Fujifilm EXR technology explained
Fujifilm's EXR technology was first introduced back in 2009 in the F200 EXR. The X10 uses a considerably larger sensor than the F200 did and one based on CMOS, rather than CCD technology, but the underlying idea is the same: to create a sensor that can be used in a series of ways to improve its resolution, dynamic range or noise performance. There are two aspects to this design: a sensor where alternate rows of photosites can be read separately, giving you the option of treating the chip as if it were two interleaved sensors, and a color filter pattern designed to make the most of this capability.
The color filter array
Almost all digital cameras use what it called a Bayer color filter array, named after the Kodak engineer who developed the pattern. Over the years it's proved to be an excellent way of capturing both color and detail in a scene.
However, much of what the EXR system tries to achieve depends on being able to combine neighboring lines of pixels, and the Bayer pattern isn't well suited to that. Instead, the EXR array can be thought of as two Bayer patterns slotted together, with one of them 1/2 a pixel offset, compared to the other.
|The common 'Bayer' pattern used in most digital cameras||The color filter array pattern of Fujifilm's Super EXR sensor|
The reasoning for this start to become apparent when you consider how close the nearest neighboring photosite sensitive to the same color is. With the Bayer pattern, there's always an entire photosite gap between any two photosites of the same color whereas the EXR arrangement puts pairs of similarly colored photosites together. The benefits of this approach become clear when you see how this is used.
|With the Bayer pattern, the nearest similarly colored photosite is always a pixel width away||The EXR arrangement means that there is always an immediately neighboring photosite of the same color|
The EXR sensor can be used in three ways. You can either manually select which mode is used or you trust the camera to choose for you. In the X10, EXR Auto mode assesses the scene and compares it to the 54 scene types it recognizes. It then checks whether there is motion in the scene, giving it a total of 99 different patterns it can respond to. It then chooses the appropriate white balance, exposure and EXR mode:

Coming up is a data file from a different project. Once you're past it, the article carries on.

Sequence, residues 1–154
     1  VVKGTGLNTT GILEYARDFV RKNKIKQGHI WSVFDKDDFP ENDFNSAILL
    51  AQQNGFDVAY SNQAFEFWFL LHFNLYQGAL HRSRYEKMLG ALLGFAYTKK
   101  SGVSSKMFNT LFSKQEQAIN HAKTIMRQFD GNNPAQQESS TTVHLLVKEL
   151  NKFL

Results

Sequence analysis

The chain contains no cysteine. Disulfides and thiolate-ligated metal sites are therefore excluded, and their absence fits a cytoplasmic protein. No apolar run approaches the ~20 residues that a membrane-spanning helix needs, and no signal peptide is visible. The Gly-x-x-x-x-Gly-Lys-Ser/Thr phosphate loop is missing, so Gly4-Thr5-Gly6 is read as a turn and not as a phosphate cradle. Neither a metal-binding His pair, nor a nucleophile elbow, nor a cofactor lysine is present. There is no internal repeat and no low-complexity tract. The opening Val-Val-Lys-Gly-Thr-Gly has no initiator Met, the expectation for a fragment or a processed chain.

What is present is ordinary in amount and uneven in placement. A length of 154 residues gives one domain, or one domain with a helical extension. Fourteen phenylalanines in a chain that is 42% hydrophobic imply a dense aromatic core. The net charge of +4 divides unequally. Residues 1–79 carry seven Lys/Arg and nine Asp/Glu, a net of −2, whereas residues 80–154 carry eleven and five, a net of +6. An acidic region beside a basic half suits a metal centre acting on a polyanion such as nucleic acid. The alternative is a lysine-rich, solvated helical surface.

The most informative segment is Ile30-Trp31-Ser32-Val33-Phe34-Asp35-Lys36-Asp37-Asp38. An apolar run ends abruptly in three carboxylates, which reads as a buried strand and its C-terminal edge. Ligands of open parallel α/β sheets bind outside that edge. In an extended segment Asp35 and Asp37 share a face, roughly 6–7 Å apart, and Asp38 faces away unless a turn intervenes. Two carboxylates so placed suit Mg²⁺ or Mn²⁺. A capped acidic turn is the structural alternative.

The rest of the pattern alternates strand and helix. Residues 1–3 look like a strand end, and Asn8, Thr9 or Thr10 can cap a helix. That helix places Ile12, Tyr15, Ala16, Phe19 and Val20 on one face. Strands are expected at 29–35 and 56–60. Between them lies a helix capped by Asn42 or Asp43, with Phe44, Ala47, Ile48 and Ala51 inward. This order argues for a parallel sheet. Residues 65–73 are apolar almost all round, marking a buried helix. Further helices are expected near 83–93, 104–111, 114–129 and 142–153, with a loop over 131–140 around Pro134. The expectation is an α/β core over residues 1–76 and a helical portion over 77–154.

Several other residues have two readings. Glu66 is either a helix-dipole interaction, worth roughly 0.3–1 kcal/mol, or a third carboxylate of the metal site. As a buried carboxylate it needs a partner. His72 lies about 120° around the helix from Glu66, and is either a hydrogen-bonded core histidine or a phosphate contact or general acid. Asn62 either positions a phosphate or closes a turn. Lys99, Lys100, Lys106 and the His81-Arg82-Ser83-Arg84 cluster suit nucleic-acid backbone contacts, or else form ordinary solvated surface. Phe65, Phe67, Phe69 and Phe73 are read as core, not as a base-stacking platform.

In low light situations, the camera uses its SN mode which combines data from the pairs of similarly-colored photosite. Because noise occurs randomly, averaging out the noise between two photosites reduces its effect in the final image. This combination of pixels results in a 6MP image, of course.
The EXR DR (Dynamic range) mode also makes use of the proximity of similarly-colored photosites. In this mode the sensor starts reading from alternate lines of photosites at a different portion of the time during which the shutter is open.
This means half the sensor captures less light, reducing the chance of it overexposing and retaining more information about highlight detail. This additional highlight detail is combined with the information from the neighboring fully-exposed photosites in the final images. Again the DR mode images are 6 megapixels.
The EXR sensor is able to 'underexpose' half of its photosites by reading out data from them for a duration less than that of the full exposure.
Again the pattern of the color filter array means pairs of pixels can be easily combined.
The High Resolution, 'HR' mode treats the sensor just as any other camera would - producing one output pixel per photosite. In this mode the camera outputs a 12MP file. The EXR pattern isn't quite as good at capturing resolution as a Bayer sensor with the same pixel count though - the downside of clumping together pairs of similar colors is that the gaps between one pair and the next is much greater than the spacing between similarly-colored photosites in a Bayer sensor.
With the camera's mode dial set to EXR mode the SN and DR functionality we've discussed here will only produce 6MP JPEGs. As we'll explore on our real world EXR page though, both SN and a modified form of DR behavior can be applied with the camera set to RAW+JPEG mode as well.
All diagrams are schematic and do not precisely represent the spacing between photosites. They are also copyright dpreview.com 2011 and cannot be reproduced without written permission.